In a previous study [Med. Phys. 35, 1747-1755 (2008)], the authors proposed two direct methods of calculating the replacement correction factors (Prepl or pcav pdis) for ion chambers by Monte Carlo calculation. By "direct" we meant the stopping-power ratio evaluation is not necessary. The two methods were named as the high-density air (HDA) and low-density water (LDW) methods. Although the accuracy of these methods was briefly discussed, it turns out that the assumption made regarding the dose in an HDA slab as a function of slab thickness is not correct. This issue is reinvestigated in the current study, and the accuracy of the LDW method applied to ion chambers in a C 60 o photon beam is also studied. It is found that the two direct methods are in fact not completely independent of the stopping-power ratio of the two materials involved. There is an implicit dependence of the calculated Prepl values upon the stopping-power ratio evaluation through the choice of an appropriate energy cutoff Δ, which characterizes a cavity size in the Spencer-Attix cavity theory. Since the Δ value is not accurately defined in the theory, this dependence on the stopping-power ratio results in a systematic uncertainty on the calculated Prepl values. For phantom materials of similar effective atomic number to air, such as water and graphite, this systematic uncertainty is at most 0.2% for most commonly used chambers for either electron or photon beams. This uncertainty level is good enough for current ion chamber dosimetry, and the merits of the two direct methods of calculating Prepl values are maintained, i.e., there is no need to do a separate stopping-power ratio calculation. For high- Z materials, the inherent uncertainty would make it practically impossible to calculate reliable Prepl values using the two direct methods.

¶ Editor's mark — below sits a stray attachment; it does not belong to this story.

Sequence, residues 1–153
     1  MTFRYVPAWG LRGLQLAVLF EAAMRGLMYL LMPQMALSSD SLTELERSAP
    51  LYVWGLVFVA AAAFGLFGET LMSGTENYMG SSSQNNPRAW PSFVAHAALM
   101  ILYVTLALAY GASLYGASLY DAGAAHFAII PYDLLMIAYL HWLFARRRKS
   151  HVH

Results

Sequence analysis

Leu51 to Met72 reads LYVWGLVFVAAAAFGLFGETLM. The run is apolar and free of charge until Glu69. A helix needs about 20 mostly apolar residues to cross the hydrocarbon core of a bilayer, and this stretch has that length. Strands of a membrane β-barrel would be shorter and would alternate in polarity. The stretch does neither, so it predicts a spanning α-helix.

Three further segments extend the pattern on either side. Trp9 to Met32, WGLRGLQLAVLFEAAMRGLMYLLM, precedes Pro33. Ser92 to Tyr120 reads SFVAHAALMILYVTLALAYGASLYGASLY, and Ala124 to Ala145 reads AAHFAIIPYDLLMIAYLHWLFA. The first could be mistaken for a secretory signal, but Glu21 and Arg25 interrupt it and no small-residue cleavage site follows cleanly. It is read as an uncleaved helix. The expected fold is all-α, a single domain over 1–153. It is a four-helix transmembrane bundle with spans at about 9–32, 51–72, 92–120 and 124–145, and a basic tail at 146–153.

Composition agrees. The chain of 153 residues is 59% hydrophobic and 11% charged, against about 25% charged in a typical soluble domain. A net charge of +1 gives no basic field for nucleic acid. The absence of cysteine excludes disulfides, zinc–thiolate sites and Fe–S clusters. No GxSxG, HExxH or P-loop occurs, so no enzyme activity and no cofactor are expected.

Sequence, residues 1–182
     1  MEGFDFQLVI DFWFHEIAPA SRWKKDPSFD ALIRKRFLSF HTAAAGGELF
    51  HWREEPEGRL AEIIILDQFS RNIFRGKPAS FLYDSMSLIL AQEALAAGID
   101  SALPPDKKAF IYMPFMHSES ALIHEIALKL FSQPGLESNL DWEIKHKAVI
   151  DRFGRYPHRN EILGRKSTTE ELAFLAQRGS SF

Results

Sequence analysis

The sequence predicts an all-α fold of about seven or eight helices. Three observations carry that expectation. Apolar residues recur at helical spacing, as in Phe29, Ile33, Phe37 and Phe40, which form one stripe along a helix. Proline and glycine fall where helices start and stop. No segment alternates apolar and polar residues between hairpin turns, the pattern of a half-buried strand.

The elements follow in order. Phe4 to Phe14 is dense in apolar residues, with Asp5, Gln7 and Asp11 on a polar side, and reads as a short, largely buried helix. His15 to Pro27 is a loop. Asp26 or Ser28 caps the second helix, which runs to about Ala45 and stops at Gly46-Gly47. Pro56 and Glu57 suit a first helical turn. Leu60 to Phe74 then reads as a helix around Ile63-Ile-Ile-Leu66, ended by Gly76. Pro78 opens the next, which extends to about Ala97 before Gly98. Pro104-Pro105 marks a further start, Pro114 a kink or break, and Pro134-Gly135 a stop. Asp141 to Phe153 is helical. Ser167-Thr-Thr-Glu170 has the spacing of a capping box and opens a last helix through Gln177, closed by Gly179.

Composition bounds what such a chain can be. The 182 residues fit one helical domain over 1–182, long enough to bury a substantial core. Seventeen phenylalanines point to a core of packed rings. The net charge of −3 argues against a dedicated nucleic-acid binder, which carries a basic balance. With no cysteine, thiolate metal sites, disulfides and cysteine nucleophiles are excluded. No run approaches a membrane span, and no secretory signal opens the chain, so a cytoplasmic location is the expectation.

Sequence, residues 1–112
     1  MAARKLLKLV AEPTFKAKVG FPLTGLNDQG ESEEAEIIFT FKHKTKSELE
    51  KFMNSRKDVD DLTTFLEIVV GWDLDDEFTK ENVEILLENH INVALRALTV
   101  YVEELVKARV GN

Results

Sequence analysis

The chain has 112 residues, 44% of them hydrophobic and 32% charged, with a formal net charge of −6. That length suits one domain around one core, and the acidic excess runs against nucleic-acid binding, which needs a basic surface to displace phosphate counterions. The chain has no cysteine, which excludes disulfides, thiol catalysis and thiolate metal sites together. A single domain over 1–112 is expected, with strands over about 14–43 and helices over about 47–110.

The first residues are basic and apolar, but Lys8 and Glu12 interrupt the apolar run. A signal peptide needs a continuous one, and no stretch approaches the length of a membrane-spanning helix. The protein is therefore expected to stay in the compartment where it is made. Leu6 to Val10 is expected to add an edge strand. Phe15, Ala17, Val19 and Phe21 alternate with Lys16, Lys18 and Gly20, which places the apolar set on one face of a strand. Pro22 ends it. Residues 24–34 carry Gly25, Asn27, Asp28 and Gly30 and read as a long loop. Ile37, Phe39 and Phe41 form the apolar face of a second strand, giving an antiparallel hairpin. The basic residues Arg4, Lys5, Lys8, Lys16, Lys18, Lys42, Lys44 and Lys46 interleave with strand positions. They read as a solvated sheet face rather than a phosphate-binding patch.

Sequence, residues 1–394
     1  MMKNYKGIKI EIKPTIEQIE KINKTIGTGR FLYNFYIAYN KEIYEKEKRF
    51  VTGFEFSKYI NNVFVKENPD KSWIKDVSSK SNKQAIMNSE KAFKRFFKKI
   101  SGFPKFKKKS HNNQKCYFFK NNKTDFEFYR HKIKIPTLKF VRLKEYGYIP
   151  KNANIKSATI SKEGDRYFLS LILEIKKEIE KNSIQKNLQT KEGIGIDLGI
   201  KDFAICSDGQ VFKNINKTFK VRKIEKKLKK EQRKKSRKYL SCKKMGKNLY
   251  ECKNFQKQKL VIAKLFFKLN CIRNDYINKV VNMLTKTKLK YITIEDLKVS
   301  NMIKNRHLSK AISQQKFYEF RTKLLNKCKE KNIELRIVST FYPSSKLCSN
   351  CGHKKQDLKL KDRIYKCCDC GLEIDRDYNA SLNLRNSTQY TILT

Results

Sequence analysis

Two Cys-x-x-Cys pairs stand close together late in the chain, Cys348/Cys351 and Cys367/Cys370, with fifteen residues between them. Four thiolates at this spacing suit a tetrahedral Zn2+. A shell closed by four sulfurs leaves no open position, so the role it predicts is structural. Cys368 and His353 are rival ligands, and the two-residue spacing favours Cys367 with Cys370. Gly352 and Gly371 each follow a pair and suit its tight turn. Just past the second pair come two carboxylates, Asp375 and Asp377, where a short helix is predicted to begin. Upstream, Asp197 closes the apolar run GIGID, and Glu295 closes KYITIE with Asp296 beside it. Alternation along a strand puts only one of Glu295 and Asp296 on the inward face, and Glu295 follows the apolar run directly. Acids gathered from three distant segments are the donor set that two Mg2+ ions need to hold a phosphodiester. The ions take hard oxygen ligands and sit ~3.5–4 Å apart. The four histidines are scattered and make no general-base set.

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Medical Physics
Department of Physics

Wang, L.L.W., La Russa, D.J., & Rogers, D.W.O. (2009). Systematic uncertainties in the Monte Carlo calculation of ion chamber replacement correction factors. Medical Physics, 36(5), 1785–1789. doi:10.1118/1.3115982